The depth below the deep sound channel (DSC) axis at which the sound speed is the same as it is at the sonic layer depth. The critical depth is the bottom of the DSC.
deep layer
In underwater acoustics, the layer of water between the lower edge of the main thermocline and the ocean bottom. It is characterized by a nearly constant temperature and a positive sound-speed gradient caused by pressure.
depth excess (DE)
In underwater acoustics, 1. The difference between the bottom depth and the depth at which the sound velocity is equal to either the surface velocity when there is no layer depth, or the maximum velocity in the surface layer. 2. The difference between the depth at which the maximum near-surface sound velocity recurs and the bottom depth. It is applied to convergence zone propagation.
depth required
In underwater acoustics, the minimum depth required for a reliable convergence zone to exist. It is 200 to 300 fathoms below the critical depth.
diffraction loss
The loss of sound energy that occurs when sound rays traveling in a sound channel experience leakage out of the channel and thus out of the main wave front.
downslope enhancement
Acoustic energy from a source in shallow water changes from a bottom bounce path to a convergence zone or sound channel path as it travels to deeper water and is concentrated down the slope to a receiver in deep water. Also called the megaphone effect. See upslope enhancement.
half channel
In underwater acoustics, an upward-refracting condition where the sound-speed gradient is positive from the surface all the way to the bottom. In a half channel, sound waves behave as if in a very thick surface duct.
limiting depth
In underwater acoustics, the depth below the deep sound channel axis where the sound speed equals the maximum near-surface sound speed.
limiting ray
In underwater acoustics, the sound ray that becomes tangent at the depth where the sound speed is at maximum; it delimits the outer boundary of direct (before reflection) sound rays.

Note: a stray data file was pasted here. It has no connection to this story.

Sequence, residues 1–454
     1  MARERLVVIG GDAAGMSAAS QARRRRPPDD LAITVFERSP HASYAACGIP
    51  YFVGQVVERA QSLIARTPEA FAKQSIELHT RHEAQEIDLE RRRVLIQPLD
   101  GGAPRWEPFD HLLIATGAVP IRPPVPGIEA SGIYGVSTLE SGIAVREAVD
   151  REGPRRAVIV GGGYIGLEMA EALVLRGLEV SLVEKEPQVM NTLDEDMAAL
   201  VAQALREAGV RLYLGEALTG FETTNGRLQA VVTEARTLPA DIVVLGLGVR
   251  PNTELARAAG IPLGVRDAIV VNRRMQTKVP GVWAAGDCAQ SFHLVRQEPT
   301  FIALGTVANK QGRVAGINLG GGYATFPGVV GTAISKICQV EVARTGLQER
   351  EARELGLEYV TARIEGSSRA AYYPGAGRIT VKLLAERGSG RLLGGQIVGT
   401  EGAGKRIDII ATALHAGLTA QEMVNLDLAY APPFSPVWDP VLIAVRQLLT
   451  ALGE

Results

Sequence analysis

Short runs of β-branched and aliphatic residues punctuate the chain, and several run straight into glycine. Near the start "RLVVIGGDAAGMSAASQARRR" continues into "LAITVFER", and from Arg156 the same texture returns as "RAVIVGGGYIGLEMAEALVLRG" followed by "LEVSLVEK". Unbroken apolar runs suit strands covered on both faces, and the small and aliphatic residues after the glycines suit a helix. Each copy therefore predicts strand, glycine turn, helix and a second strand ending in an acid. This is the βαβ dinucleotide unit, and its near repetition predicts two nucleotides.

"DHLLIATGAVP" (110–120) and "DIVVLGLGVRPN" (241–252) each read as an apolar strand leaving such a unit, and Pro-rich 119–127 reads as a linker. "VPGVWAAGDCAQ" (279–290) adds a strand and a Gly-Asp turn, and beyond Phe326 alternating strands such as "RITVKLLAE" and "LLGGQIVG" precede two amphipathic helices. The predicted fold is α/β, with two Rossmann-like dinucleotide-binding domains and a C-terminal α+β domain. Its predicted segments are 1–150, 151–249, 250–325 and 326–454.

surface duct (SD)
In underwater acoustics, a zone below the sea surface where sound rays are refracted toward the surface and then reflected. The rays alternately are refracted and reflected along the duct out to relatively long distances from the sound source.
shadow zone
In underwater acoustics, a region in which very little sound energy penetrates, depending upon the strength of the lower boundary of the surface duct. It is usually bounded by the lower boundary of the surface duct and the limiting ray. There are two shadow zones: the sea surface, beneath which a shadow is cast by the surface in the sound field of a shallow source, and the deep-sea bottom, which produces a shadow zone in the upward-refracting water above it.
sonic layer depth (SLD)
The depth of maximum near-surface sound speed above the deep sound channel.
sound channel
In underwater acoustics, that region in the water column where the sound speed first decreases to a minimum value with depth and then increases in value, due to pressure. Above the depth of minimum value, sound rays are bent downward; below the depth of minimum value, rays are bent upward, resulting in the rays being trapped in this channel and permitting their detection at great ranges from the sound source.
sound channel axis
The depth of minimum sound speed within a sound channel. Abbreviated as DSCA for the deep sound channel axis or SSCA for the secondary sound channel axis.
topographic shading
The disruption of convergence zone (CZ) or deep sound channel propagation by ocean bottom features such as seamounts, guyots, ridges, or islands. This disruption causes large shadow zones. Depth excess is destroyed for CZ propagation when a source is one-half the CZ range from such a bottom feature.
upslope enhancement
Acoustic energy from a source in deep water changes from a convergence zone or sound channel path to a bottom bounce path as the bottom shoals and is concentrated up the slope to a receiver in shallow water. Also known as the inverse megaphone effect.
vertex depth
In underwater acoustics, the depth in the water at which a refracted sound ray becomes horizontal.


  1. ^ a b Navy Supplement to the DOD Dictionary of Military and Associated Terms. Department Of The Navy. August 2006. NTRP 1-02.  
  2. ^ "The Heard Island Feasibility Test". Acoustical Society of America. 1994.  
  3. ^ [ CITATION FOR LEONID MAXIMOVICH BREKHOVSKIKH ...for pioneering contributions to wave propagation and scattering]
  4. ^ "Sound Channel, SOFAR, and SOSUS". Robert A. Muller. Retrieved 2007-04-14.  

See also